Sackville’s Hawkes and N.L.’s Bleu play casual T&L show

In an unorthodox combination, mellow noise music and upbeat surf-pop brought a large crown to Thunder & Lightning last Thursday for Sackville’s own Hawkes and the St. John’s-based Bleu.

Hawkes got off to a quiet start, casually starting to play while unaware concert-goers loitered in the main bar. I happened to walk in after hearing music coming from the alley. At first, I was unsure if the band was warming up or playing. The three band members were each fixated on their own instrument as if they were unaware of the other two, as well as the crowd. The guitarist crouched over his guitar, which he laid on the floor for a portion of the show. However unaware the band outwardly seemed of each other, it was obvious they were in sync by the smoothness of the sound and agreement in transitions. It felt like myself and the rest of the crowd who slowly shuffled in were uninvolved observers of a garage jam session.

Hawkes had a disordered, droney sound. The entire set sounded like the soundtrack to a UFO landing. I wasn’t sure what to expect from Hawkes, but it wasn’t the spacey, noisy set they performed. It was a compelling set that demanded an active listener to discern and anticipate the next change the music would take.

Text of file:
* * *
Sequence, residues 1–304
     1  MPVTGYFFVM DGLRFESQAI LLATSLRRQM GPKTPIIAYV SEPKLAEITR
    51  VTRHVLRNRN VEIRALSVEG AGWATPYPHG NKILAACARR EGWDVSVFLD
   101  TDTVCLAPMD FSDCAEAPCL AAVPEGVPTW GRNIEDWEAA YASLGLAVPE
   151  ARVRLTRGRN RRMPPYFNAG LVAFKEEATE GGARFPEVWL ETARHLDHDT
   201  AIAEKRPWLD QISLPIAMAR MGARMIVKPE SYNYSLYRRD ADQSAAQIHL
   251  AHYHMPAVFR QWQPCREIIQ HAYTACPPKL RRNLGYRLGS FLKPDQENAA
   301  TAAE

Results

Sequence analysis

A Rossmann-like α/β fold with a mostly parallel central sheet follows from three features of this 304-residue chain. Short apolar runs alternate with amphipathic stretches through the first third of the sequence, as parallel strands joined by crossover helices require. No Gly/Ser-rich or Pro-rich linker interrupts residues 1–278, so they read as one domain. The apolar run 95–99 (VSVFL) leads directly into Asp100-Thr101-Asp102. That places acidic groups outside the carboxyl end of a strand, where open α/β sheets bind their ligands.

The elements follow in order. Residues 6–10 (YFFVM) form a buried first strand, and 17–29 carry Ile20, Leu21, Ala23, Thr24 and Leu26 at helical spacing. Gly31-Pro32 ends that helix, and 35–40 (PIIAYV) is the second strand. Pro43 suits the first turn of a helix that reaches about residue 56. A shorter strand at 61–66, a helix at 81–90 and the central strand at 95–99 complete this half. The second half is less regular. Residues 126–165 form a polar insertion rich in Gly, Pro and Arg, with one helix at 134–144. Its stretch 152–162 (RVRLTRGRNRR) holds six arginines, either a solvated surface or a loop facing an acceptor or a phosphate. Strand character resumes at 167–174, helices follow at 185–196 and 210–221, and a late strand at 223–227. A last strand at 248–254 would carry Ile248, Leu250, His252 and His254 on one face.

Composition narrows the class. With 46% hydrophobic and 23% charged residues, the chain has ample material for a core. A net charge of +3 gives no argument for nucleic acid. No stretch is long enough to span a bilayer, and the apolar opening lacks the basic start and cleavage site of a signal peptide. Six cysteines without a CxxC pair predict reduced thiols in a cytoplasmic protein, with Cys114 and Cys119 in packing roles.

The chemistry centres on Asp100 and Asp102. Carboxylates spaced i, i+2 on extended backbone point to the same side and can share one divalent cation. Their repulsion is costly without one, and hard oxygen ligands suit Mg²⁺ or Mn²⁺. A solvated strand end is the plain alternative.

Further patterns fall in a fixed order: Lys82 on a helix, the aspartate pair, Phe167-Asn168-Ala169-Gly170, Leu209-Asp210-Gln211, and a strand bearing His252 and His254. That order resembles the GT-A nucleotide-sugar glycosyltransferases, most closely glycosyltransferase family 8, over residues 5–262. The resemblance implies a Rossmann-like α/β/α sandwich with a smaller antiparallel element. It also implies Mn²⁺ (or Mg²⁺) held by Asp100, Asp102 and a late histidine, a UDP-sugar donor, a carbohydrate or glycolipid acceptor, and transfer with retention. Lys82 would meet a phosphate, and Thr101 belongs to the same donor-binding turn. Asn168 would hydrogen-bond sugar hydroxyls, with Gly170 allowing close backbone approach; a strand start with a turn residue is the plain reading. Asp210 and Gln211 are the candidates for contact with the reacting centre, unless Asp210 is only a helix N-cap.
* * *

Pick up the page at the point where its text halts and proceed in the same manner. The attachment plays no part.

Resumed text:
Next, Bleu hit the stage, with another passive opening prefaced only by the singer’s quiet “okay.” However, the Newfoundland band changed the tone by cracking jokes with the crowd. At one point the singer asked the room if we were bored yet, and jokingly pled with us not to leave. The rest of the set was riddled with witty banter and jokes cracked by the band.

Bleu’s sound was somewhere in between dream-pop and surf music, the perfect pick-me-up on a snowy Sackville night. Twinkly guitar reverb had the crowd moving, while the band’s top-notch vocal harmonies enhanced their hoarse voices. There was good variation within each song, mixing lighter moments with heavy, crunchier sounds. Yet, Bleu’s sound was familiar, reminiscent of many generic indie pop bands from the last number of years.

The set was tight and the band had chemistry; the bassist and guitarist nuzzled up to one another on multiple occasions. As well, the lead guitarist put on an impromptu light show by turning one of the stage lamps on and off to the beat of the music with its foot switch. The band’s stage presence was key as it made up for their music, which was good but lacked a level of uniqueness.

The inconsistency between the style of the two bands made for an interesting night. Regardless, it ended off with the same way it started, slow and mellow. As Bleu ended their set, the crowd shuffled back out of the bowling alley and into the frozen abyss that is Bridge Street in January.

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